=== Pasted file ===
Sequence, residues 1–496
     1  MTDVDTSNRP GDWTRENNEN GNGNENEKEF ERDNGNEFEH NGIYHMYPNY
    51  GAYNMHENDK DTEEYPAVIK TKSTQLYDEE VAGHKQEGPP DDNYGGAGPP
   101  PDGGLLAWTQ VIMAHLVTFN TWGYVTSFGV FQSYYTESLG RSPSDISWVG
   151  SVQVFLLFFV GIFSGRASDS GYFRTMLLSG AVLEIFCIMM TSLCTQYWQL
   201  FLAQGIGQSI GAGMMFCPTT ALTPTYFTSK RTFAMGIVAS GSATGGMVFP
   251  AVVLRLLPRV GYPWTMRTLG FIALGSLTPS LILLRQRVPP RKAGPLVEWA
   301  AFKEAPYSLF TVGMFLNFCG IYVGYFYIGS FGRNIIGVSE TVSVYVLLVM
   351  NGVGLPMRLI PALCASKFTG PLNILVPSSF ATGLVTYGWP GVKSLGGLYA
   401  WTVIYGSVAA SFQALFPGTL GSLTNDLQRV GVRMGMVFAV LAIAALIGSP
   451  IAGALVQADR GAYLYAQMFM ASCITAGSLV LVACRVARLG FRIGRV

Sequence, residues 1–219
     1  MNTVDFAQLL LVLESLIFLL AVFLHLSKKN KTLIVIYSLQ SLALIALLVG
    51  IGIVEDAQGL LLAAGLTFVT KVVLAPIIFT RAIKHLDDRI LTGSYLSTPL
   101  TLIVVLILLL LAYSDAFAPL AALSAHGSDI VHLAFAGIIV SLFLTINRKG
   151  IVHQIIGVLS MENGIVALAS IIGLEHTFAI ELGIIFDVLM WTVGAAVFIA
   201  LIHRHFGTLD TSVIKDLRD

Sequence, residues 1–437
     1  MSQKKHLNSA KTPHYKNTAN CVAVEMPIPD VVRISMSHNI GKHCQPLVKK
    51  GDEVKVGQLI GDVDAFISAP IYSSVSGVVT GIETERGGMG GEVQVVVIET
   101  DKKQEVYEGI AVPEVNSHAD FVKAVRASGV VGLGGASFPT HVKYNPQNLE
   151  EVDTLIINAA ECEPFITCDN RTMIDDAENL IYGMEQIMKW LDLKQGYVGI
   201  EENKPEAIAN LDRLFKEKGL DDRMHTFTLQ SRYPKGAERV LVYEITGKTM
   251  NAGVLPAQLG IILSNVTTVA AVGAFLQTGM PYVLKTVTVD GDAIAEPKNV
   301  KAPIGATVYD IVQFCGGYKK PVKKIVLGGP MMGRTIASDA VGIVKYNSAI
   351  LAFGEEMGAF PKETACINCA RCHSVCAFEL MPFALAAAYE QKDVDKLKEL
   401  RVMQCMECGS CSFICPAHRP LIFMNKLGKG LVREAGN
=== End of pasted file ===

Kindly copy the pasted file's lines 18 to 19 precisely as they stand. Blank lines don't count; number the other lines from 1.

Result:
Sequence, residues 1–437
     1  MSQKKHLNSA KTPHYKNTAN CVAVEMPIPD VVRISMSHNI GKHCQPLVKK